All Points West: Huskers make memories happen
     2014-09-25      By Frank Marquez   
Twenty years passes by in a blink.

Just ask the 1994 National Champion Huskers who reunited at Memorial Stadium moments before Saturday’s kickoff. Back then, the loss was a bitter disappointment for a great Canes team that came up short against an even greater Nebraska team. On a positive note, the reminder of glory days seemed to be just what Coach Bo Pelini’s squad needed.

Make no mistake. Big Red came to play.

In this latest tilt, Nebraska prevailed, 41-31, taking a 6-5 series lead versus Miami. But what will folks say about this game 20 years from now? How will it impact the rest of a still very young 2014 season?

First, adding to his highlight reel, senior I-back Ameer Abdullah broke the record for all-purpose yards surpassing 1972 Heisman Trophy winner Johnny Rodgers’ 5,487 career total. Abdullah’s career total rose to 5,762 yards after rushing for 229 yards (313 all-purpose) and scoring two touchdowns, literally willing Nebraska to victory. Against a Miami team considered to be a premiere program on its way back up — not too shabby. The Canes will not soon forget this loss — a fact that can't be ignored, considering the Huskers travel to the U next season.

Fans will also remember how Abdullah shared Big Ten player of the week honors with Wisconsin Badger's running back Melvin Gordon. This should be a good head-to-head come Nov. 15 in Madison. Not nearly enough can be said about how Abdullah took Nebraska on his back, and inspired his fellow teammates to raise the intensity of their game. Though, as Pelini admitted, despite Miami’s turnovers, some things need to get better on defense. The Black Shirts may have their moments, but they will need to continue to build on fundamentals, especially in pass coverage. The emotion that fueled them against the Canes will get them only so far. Yet, I’m glad they got emotional. It was enough to bring about the momentous big plays.

I had to believe that when Nebraska ran on to the field, it already had won. There was no hesitation by Touchdown Tommy Armstrong slinging the ball downfield. He was focused, and he rose to occasion time and time again. TV analysts and writers reported how Nebraska had returned to its bread and butter — the RUN game; the ground-and-pound game. The common refrain: opposing teams know what’s coming. They just can’t stop it.

This was the Nebraska of old, the one that doesn’t say quit. It's steeliness personified by the relentless pursuit of Defensive Tackle Randy Gregory and the Black Shirts' supporting cast. A merciless defense neutralized and rattled Miami freshman QB Brad Kaaya. This is the team that won’t bow its head when it falls behind. If trouble is brewing, they’ll just play better. If last year’s gutsy wins against Northwestern and Penn State are building blocks, this season must promise more — so far, the tough knocks have paid dividends. Big Red has come to life. Nebraska has a distinct purpose. And marching forward, with each step, the Huskers must focus on one game at a time.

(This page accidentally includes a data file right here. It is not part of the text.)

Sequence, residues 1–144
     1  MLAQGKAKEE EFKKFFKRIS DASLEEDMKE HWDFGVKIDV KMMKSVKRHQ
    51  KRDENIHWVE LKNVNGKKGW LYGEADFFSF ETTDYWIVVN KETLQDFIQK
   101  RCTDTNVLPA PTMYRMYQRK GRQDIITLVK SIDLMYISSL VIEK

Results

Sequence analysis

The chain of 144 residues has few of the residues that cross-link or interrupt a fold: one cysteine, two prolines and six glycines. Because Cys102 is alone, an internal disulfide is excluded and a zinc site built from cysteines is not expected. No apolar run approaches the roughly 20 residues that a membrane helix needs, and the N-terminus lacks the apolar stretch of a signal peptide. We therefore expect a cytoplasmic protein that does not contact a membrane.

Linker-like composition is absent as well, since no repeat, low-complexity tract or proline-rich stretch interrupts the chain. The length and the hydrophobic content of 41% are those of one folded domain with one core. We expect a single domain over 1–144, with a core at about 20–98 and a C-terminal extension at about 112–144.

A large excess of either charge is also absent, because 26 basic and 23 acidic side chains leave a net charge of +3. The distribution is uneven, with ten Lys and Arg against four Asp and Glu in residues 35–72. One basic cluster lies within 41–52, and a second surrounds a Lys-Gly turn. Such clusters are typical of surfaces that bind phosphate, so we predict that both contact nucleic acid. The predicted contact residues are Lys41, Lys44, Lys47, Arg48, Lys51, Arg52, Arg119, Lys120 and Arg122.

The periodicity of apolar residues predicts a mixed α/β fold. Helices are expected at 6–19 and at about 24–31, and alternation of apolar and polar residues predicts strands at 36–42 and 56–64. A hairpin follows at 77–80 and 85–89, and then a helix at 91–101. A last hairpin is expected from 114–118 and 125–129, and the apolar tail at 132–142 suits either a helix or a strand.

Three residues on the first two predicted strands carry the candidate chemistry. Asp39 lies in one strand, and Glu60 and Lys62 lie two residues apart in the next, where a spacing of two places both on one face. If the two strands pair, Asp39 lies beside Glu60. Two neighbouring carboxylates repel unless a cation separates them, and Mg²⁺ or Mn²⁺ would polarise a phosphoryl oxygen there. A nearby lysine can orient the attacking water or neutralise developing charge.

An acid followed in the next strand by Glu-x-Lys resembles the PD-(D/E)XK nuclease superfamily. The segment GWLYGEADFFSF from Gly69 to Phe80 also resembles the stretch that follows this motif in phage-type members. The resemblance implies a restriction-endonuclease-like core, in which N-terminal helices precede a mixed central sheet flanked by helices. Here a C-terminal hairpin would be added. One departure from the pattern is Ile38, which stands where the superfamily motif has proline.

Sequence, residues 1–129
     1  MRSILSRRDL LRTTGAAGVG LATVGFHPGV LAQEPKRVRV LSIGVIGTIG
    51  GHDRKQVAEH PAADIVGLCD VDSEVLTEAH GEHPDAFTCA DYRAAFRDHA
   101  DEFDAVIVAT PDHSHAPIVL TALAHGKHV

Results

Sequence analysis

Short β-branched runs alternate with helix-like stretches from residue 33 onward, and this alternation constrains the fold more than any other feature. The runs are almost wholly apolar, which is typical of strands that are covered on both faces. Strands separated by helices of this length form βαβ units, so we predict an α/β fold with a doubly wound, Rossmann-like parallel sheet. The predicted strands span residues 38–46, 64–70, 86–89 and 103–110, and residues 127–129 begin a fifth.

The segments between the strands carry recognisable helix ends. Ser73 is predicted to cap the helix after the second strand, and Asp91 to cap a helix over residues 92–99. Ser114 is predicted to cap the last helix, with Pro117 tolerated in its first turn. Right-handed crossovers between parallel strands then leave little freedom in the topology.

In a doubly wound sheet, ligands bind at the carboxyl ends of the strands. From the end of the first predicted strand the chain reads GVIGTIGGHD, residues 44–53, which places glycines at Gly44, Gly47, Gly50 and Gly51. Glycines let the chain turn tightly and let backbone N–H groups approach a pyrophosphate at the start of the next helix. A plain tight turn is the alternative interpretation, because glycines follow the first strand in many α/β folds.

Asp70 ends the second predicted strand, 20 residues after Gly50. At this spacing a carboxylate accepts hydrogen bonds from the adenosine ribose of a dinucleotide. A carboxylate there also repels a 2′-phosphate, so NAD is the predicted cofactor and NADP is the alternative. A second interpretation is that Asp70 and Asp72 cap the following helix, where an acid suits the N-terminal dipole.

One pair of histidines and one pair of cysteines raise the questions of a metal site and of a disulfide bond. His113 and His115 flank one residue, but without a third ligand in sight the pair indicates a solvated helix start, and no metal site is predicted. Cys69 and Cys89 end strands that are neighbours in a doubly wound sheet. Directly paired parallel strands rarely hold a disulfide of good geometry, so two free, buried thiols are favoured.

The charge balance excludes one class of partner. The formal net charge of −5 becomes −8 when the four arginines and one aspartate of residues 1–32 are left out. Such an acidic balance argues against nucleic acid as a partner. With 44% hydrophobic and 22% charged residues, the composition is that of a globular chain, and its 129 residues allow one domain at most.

In 20 years from now, observers might also note how the game transformed NU fans. Never have I heard a Nebraska crowd cheer as loud. Lincoln must have felt the tremors. In fact, all of the Big Red nation rattled and rolled. The love the crowd showed gave me Googly Moogly goose bumps.

But one thing I hope never changes about Husker fans is our character. What stood out wasn't the pushing and shoving after Nate Geary's interception was negated, but what Nebraska fans did after the game. They booed. In my book, this goes against our reputation. If NU commands respect, it should give respect. I was just as filled with emotion as the next guy about the way Miami played, but I'll be dog gone if I ever stoop to their level. Over the more than 40 years I have watched Husker football, did I nary hear a cat call, boo or hiss with the exception of a few bad calls by the officials. Doing so is not a true celebration of the game we so cherish. Rather than remembering the egregious arrogance of Canes players, we as fans should always focus on the great things NU does, and one of those is the congratulatory handshake after the game and the other is telling the Miami players what a good game they played. Let's not forget where we come from and what we are all about. Who could forget the character displayed in the 2013 spring game, the gift of a 69-yard TD for young Jack Hoffman?

OK, rant over. I'm glad the crowd showed spirit, but there's no place for ugliness in true sportsmanship.

Next up for Nebraska: the Illinois Fighting Illini (3-1) visit Lincoln for a conference opener under the lights. The Illini come off a 42-35 non-notable shoot-out victory over the Texas State Bobcats. Nebraska is nearly a three touchdown favorite, but less than a dozen points if the Huskers suffer the big-win hangover.

On national rankings: The Huskers go into the game at No. 19 in ESPN's Power Rankings and No. 21 in the AP Poll. Frankly, this is a disappointment. I predicted a bigger jump as other top teams struggled.

My advice to the Huskers in Week 5: Keep believing, and keep making memories. Who knows? In 20 years, this team may be coming back for a reunion of its own.

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